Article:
+, present; –, absent.
Seven novel SCN1A mutations in Chinese patients with severe myoclonic epilepsy of infancy
Article first published online: 4 JUN 2008
© 2008 International League Against Epilepsy
Volume 49, Issue 6, pages 1104–1107, June 2008
How to Cite
Sun, H., Zhang, Y., Liang, J., Liu, X., Ma, X., Qin, J., Qi, Y. and Wu, X. (2008), Seven novel SCN1A mutations in Chinese patients with severe myoclonic epilepsy of infancy. Epilepsia, 49: 1104–1107. doi: 10.1111/j.1528-1167.2008.01549_2.x
- Issue published online: 4 JUN 2008
- Article first published online: 4 JUN 2008
To the Editors:
Severe myoclonic epilepsy of infancy (SMEI) is an intractable epileptic encephalopathy, beginning with prolonged generalized or hemiclonic seizures associated with fever in the first year of life. Subsequently, it evolves to include multiple seizure types, such as myoclonic, absences, and partial seizures. The regression of psychomotor development appears after onset. Pyramidal signs and ataxia are observed in some patients. The seizures are refractory to antiepileptic drugs (AEDs) (ILAE, 1989). The SCN1A gene, encoding the neuronal voltage-gated sodium channel α1-subunit dominantly expressed in the central nervous system (CNS), is one of the most important pathogenic “epilepsy genes” identified to date. Almost 170 SCN1A mutations (including missense, nonsense, deletion, and splice site mutations) have been identified in SMEI and related epilepsies among different populations (Claes et al., 2001; Harkin et al., 2007). However, it is still unknown whether SCN1A is the major pathogenic gene in Chinese SMEI patients. We have now performed mutation analysis of the SCN1A gene in a population of Chinese SMEI patients.
Clinical analysis of the patients is presented in Table 1. All patients have different degrees of mental retardation and are intractable to AEDs. Because these patients have different types of myoclonic seizures, they have been defined as typical SMEI patients.
|No.||Sex||Present age (years)||Family history||First seizure||Seizure type||Status epilepticus||Temperature sensitivity||EEG||MR||Ataxia||Pyramidal syndrome||MRI|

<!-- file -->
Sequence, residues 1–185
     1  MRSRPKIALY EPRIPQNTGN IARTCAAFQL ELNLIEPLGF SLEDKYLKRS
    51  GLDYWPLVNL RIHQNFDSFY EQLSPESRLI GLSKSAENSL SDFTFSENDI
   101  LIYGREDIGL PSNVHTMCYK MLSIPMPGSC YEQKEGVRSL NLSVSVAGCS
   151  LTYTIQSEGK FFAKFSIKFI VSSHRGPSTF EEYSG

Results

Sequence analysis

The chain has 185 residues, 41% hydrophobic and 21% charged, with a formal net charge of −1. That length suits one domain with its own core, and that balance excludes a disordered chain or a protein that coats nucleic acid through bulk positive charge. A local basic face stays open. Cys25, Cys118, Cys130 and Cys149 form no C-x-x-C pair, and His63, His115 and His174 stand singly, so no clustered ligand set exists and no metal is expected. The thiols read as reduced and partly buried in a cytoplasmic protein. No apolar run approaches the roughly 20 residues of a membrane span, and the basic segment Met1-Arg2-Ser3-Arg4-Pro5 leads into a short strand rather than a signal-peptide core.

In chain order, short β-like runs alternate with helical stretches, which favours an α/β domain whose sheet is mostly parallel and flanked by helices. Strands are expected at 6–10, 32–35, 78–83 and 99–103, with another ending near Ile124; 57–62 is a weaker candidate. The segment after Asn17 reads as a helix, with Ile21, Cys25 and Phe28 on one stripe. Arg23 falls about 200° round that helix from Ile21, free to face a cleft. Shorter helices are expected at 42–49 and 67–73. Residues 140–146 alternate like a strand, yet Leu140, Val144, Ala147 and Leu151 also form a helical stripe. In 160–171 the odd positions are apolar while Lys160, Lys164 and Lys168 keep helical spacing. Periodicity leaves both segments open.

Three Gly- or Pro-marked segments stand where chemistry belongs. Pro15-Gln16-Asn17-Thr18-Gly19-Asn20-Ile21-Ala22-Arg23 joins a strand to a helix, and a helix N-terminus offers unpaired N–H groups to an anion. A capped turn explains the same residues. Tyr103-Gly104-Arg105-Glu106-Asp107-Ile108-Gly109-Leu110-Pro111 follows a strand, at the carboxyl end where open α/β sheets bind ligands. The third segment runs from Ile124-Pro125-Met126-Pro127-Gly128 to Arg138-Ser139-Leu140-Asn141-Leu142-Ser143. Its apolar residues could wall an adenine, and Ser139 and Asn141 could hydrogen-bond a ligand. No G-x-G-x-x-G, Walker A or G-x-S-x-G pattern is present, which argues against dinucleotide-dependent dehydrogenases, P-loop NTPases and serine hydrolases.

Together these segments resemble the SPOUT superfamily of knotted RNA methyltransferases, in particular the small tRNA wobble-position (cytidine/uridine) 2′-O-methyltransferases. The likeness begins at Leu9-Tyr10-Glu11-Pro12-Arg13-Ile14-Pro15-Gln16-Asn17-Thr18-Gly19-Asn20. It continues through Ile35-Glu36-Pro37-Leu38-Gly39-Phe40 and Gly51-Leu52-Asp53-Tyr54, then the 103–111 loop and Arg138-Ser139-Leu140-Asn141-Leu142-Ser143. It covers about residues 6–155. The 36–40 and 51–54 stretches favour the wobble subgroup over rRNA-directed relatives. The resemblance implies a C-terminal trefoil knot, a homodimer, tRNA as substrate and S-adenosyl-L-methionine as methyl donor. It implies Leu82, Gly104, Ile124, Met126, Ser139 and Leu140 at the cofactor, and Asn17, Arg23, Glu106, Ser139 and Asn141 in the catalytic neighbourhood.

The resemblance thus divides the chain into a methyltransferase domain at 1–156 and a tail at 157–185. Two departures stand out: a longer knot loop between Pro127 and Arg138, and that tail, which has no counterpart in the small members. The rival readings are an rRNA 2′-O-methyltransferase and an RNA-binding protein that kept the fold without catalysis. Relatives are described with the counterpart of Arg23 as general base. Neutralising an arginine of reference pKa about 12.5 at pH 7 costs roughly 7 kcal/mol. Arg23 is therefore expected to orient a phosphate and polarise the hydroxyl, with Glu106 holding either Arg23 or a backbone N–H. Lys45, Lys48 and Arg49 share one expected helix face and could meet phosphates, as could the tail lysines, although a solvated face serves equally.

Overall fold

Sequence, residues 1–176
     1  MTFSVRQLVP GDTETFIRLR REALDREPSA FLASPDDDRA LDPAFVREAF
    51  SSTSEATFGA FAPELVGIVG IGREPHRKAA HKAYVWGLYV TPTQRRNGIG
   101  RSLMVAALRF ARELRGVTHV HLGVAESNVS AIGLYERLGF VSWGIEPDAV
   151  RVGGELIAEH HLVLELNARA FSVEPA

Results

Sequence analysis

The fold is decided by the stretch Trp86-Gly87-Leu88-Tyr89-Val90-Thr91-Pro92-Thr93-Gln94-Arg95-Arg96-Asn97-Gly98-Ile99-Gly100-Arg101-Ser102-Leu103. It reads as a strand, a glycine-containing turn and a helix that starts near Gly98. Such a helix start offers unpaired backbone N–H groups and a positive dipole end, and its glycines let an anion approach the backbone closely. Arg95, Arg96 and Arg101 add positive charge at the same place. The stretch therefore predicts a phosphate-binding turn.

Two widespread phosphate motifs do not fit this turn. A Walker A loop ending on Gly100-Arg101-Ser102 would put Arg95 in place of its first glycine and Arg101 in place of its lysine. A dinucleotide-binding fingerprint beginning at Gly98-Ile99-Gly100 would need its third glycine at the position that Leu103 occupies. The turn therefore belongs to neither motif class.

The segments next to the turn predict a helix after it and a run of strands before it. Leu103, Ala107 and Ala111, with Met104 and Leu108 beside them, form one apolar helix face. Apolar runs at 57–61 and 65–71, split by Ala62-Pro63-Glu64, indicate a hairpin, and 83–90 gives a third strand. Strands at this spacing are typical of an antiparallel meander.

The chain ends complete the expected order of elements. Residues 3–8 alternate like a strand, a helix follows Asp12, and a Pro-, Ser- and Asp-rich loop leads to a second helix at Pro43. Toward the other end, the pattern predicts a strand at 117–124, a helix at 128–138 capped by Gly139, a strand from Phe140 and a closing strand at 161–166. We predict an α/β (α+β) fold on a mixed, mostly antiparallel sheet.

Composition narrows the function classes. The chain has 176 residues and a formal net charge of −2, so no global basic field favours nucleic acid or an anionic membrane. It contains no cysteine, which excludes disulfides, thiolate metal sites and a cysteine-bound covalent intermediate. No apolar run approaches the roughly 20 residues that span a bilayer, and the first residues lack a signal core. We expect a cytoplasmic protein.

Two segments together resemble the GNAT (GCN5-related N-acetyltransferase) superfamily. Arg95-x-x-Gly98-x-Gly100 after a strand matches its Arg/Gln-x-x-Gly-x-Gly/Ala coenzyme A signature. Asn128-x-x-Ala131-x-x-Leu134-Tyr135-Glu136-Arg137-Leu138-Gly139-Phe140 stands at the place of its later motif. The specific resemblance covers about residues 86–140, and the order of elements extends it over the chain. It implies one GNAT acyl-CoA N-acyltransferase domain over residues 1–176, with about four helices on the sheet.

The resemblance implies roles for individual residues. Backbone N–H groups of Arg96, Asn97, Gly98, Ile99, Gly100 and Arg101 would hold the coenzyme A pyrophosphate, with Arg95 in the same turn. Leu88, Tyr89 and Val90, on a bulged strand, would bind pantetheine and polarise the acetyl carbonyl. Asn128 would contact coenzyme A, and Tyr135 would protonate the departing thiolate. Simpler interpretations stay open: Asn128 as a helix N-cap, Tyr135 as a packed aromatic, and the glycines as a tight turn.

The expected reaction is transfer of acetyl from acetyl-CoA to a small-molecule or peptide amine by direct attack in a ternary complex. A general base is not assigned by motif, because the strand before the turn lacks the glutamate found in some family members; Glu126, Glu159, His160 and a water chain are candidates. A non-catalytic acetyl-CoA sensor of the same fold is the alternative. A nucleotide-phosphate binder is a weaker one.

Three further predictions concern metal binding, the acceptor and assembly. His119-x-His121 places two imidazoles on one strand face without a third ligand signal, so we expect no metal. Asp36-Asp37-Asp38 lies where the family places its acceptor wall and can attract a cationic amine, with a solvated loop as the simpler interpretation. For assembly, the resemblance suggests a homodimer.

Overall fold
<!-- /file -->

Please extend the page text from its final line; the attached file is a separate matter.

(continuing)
|Age (months)||Precipitating factors||Seizure type||GTCS (GCS)||AS||MS||HS||PS|
|1||M||4||Maternal uncle: epilepsy||3||Hot bath||PS||−||+||+||+||+||−||+||Multifocal spikes, F-dominant sp-w||+||+||−||−|
|2||M||5||Father: FS||6||Fever||GTCS||+||+||+||−||+||+||+||F-dominant sp-w||+||−||−||−|
|3||M||4||Maternal uncle: FS||6||Fever||HS||+||+||+||+||+||+||+||Diffuse and focal sp-w||+||−||−|
|4||M||5||Sister: FS||5||Vaccination||GTCS||+||+||+||−||+||−||+||F-dominant sp-w||+||−||−||Lateral ventricle enlargement, L>R|
|5||F||5||Mother: FS||5||Fever||HS||+||+||+||+||+||+||+||Diffuse and multifocal spikes||+||−||−||−|
|6||M||1||Second paternal grandfather: FS||2||−||HS||+||+||+||+||+||−||+||Diffuse and multifocal spikes||+||−||−||−|
|7||M||3||Paternal sister:FS||5||Fever||GTCS||+||+||+||+||+||−||+||Multifocal and diffuse sp-w||+||−||−||−|
|9||F||9||Mother, paternal aunt and grandfather: FS||9||−||PS||+||+||+||+||+||+||+||Rare spikes||+||−||−||Mild atrophy|
|10||M||3||−||6||Fever||HS||+||+||+||+||+||+||+||Rare multifocal spikes IPS(+)||+||+||+||−|
|11||M||5||Father: FS||4||Fever||GTCS||+||+||+||+||+||+||+||Diffuse and focal sp-w||+||+||−||−|
Genomic DNA was extracted from peripheral blood lymphocytes of the 12 SMEI patients, their parents, and 50 normal controls. Mutation analysis for SCN1A was performed by polymerase chain reaction and direct sequencing. Different heterozygous coding variants were found in 10 unrelated cases of the 12 SMEI patients (Table 2). This is the first confirmation of the significant correlation of SCN1A mutation and SMEI in a Chinese patient population.
|Patient||Exon||Mutation||Mechanism||Location in protein||Conservative analysis||The same mutations in||Inheritance|
|cDNA (c.)||Protein (p.)||Father||Mother|
|3||6||715G>A||A239T||Transition||D I S4-S5 linker||Highly||−||−||De novo|
|4||11||1667delT||L556fsX557||Frame shift||D I/II linker||Highly||ND||−||ND|
|5||11||1834C>T||R612X||Transition||D I-II linker||Highly||−||−||De novo|
|6||15||2854T>G||W952G||Transversion||D II S5-S6 linker||Highly||De novo|
|7||21||4003G>A||V1335M||Transition||D III S4-S5 linker||Highly||−||−||De novo|
|8||21||4168G>A||V1390M||Transition||D III S5-S6 linker||Highly||−||−||De novo|
|9||21||4223G>A||W1408X||Transition||D III S5-S6 linker||Highly||−||−||De novo|
|10||22||4298G>A||G1433E||Transition||D III S5-S6 linker||Highly||−||−||De novo|
The SCN1A mutation rates vary markedly (33.3–100%) for SMEI, depend presumably on the numbers of the patients, the case selection criteria, and ethnic differences (Mulley et al., 2005; Fujiwara 2006). The detection rate (10/12, 83.3%) in our data is similar to that found in Japanese patients (82.7%), suggesting the homogeneity of ethnic and geographic conditions between Chinese and Japanese populations (Ohmori et al., 2002). It is possible that the high rate of SCN1A mutations in our data is due to the small number of the patients and the typical characteristics of the SMEI patients. The mutations within SCN1A are randomly distributed throughout the gene, without obvious “hot spots.” There were seven missense mutations, two nonsense mutations, and one deletion mutation generating a frame shift. To the best of our knowledge, mutations p.F90S, p.I91T, p.L556fsX557, p.R612X, p.W952G, p.V1335M, and p.G1433E (Table 2) are novel, which reinforces the mutational heterogeneity characteristic of SCN1A (Harkin et al., 2007).